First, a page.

Longshoremen, a licensing team and a typewriter
December 23, 2008
By Tom Budzyna
SCHINNEN, Netherlands Aca,!" When a U.S. expeditionary force docks hundreds of tactical vehicles in the German port of Bremerhaven, what does it take to ensure the operations run smoothly, an entire command or one garrison office'
Well, both. In this case, the Military Surface Deployment and Distribution Command, and the U.S. Army Garrison Schinnen drivers testing and licensing team.
To move vehicles in and out of cargo vessels for deployments and redeployments, longshoremen supporting the SDDC's 950th Transportation Company, located in Bremerhaven, are required to drive just about every military vehicle there is. Therefore, the dock workers received hands-on training (and were licensed to operate more than a dozen tactical vehicles) by a team from U.S. Army Garrison Schinnen, Netherlands.
Such licenses must be renewed every four or five years. And last month, when the 2nd Stryker Regiment from Vilseck, Germany, redeployed through Bremerhaven, a three-man driver's testing and licensing team from Schinnen worked 40 hours in three days to examine, test and issue more than 30 longshoremen licenses for more than a dozen types of vehicles at the port.
The result: the longshoremen completed a mission required to move hundreds of vehicles and other equipment on schedule Aca,!" an easily overlooked task but nonetheless vital to the success of Army operations worldwide.
Anyone who has ever gone through the process and paperwork to get a military license for one tactical vehicle can understand the administrative effort to issue 30 licenses for a dozen types of vehicles. In a word: paperwork. Now, picture this challenge being accomplished with a good old fashioned Aca,!A"Y2K compliantAca,!A? typewriter.
Wauter Vermeulen, Schinnen's testing station manager, led the team from the garrison's Directorate of Logistics, which was joined by Jo Sjollema, a seasoned tracked vehicle licensing expert from a logistical support unit in Eygelshoven, Netherlands, in getting the job done.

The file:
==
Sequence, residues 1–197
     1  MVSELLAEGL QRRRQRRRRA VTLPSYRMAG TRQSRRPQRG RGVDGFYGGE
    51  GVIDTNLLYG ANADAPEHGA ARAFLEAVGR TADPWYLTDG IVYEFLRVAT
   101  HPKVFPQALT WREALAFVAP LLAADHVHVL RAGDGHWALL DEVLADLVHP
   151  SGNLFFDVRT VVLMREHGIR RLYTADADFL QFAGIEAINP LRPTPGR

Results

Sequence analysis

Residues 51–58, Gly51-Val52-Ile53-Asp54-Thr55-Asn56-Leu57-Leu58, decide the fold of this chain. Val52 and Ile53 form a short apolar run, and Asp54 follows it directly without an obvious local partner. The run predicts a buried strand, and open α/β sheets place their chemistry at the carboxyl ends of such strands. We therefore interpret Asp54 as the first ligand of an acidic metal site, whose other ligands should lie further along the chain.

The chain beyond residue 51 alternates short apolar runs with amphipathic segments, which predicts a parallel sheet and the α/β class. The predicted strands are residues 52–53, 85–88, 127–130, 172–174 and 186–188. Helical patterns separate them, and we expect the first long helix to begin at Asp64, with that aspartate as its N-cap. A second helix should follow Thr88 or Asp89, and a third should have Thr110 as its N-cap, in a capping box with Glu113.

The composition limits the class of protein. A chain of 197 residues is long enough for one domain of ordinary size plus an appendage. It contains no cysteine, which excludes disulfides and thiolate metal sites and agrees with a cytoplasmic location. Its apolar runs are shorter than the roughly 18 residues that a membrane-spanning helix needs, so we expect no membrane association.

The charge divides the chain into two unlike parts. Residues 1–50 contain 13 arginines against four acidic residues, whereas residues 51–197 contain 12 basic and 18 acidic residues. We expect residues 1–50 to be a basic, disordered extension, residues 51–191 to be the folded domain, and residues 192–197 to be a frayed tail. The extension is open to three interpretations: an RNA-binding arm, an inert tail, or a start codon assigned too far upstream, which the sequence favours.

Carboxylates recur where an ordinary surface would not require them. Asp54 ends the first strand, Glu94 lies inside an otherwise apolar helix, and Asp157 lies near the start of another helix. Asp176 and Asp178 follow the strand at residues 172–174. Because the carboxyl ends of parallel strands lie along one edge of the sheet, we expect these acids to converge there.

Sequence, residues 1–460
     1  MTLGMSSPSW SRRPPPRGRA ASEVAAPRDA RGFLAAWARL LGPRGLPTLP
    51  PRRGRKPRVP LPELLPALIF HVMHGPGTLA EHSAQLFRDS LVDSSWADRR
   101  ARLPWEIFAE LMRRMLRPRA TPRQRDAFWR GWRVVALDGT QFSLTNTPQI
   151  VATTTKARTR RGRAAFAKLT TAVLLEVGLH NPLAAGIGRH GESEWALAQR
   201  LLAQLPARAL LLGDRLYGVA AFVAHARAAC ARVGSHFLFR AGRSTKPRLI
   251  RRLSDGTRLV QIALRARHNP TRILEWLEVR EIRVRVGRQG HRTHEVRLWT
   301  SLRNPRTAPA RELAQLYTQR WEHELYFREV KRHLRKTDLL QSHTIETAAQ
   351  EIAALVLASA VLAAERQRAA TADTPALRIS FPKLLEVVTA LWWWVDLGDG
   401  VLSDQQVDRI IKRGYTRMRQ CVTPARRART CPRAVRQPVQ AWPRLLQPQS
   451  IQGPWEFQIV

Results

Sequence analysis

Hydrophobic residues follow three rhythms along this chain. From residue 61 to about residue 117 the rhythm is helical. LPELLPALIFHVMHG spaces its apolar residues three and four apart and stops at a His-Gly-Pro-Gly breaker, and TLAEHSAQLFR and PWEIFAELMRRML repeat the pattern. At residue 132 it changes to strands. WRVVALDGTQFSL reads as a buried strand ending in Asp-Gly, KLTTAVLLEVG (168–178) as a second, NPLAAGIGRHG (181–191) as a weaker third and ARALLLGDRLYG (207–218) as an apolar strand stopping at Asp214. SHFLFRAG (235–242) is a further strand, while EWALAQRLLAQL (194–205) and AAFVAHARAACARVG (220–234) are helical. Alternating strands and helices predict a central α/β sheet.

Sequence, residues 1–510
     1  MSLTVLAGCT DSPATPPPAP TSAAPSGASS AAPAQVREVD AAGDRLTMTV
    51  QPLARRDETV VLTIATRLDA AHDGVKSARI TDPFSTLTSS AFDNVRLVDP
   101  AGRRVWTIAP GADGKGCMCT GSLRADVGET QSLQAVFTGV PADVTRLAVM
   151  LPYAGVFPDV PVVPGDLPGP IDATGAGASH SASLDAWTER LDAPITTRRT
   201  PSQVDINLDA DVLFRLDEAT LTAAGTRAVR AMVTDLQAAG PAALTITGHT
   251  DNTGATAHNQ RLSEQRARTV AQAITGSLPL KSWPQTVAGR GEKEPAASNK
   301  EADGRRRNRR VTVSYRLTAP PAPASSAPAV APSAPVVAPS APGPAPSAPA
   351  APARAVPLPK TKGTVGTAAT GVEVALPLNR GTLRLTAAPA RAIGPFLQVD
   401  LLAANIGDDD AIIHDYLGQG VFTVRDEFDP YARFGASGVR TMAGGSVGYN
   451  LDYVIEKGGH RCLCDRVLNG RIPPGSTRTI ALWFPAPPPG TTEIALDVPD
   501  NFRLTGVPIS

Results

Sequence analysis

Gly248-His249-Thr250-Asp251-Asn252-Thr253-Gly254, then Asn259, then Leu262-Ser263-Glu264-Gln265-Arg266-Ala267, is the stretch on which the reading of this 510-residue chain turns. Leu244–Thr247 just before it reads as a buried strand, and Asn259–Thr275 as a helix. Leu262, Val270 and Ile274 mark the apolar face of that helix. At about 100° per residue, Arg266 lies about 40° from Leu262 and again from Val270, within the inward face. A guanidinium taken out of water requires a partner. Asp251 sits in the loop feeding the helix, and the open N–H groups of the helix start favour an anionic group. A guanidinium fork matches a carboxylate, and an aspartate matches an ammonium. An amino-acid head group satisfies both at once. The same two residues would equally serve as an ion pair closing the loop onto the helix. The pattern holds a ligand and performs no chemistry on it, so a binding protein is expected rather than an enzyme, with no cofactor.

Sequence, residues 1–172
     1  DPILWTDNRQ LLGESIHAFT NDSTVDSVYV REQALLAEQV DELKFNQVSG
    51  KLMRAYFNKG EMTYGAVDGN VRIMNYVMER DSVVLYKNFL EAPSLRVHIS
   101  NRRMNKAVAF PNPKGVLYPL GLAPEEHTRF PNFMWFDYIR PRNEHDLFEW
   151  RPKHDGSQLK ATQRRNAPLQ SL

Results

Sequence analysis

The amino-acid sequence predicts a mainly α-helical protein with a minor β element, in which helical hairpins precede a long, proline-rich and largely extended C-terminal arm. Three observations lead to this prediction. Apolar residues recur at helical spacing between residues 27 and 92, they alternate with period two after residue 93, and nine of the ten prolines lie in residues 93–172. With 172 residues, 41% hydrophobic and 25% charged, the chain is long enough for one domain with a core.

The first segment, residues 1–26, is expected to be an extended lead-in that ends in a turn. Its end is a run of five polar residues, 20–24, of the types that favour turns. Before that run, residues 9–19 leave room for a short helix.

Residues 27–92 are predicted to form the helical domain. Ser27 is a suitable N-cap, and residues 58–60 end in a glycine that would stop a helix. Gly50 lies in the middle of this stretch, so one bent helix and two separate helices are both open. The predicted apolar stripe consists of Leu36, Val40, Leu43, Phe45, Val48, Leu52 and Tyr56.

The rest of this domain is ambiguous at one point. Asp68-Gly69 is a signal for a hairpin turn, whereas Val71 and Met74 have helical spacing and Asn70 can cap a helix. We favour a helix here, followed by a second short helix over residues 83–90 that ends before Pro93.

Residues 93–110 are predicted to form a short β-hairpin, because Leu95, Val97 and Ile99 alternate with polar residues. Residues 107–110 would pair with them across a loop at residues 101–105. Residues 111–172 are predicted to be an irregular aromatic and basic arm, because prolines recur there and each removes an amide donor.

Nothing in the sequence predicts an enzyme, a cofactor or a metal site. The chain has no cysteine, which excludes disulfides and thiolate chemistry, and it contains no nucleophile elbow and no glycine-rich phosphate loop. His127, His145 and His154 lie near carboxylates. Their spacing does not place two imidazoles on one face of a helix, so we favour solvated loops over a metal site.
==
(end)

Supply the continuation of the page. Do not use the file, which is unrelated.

In the same way a ship crew files a neat stack of paperwork to account for equipment transported on each vessel, VermeulenAca,!a,,cs licensing team, after 40 hours of training and examining, produced an organized stack of records to document the driving credentials of some 30 longshoremen who support the the 950th Trans CO.
The 950th falls under the 838th Transportation Battalion of SDDC's 598th Terminal Transportation Group. The 950th manages water terminal operations for U.S. European Command and U.S. Central Command to sustain combat power to combatant commanders, and receives some of its base operations support from USAG Schinnen.
"The longshoremen are continuously employed by the 950th Transportation Company to load and discharge U.S. forces deploying and redeploying unit equipment from and to seagoing vessels," says Maj. Scott Reed, the company's commander, "and the equipment is then moved to various kinds of inland transportation modes."
"Vermeulen's team provided excellent services. He supported us with great enthusiasm and professionalism," says Reed.
Vermeulen's team oversees the issuance of licenses for military and privately owned vehicles for U.S. personnel stationed in the Netherlands.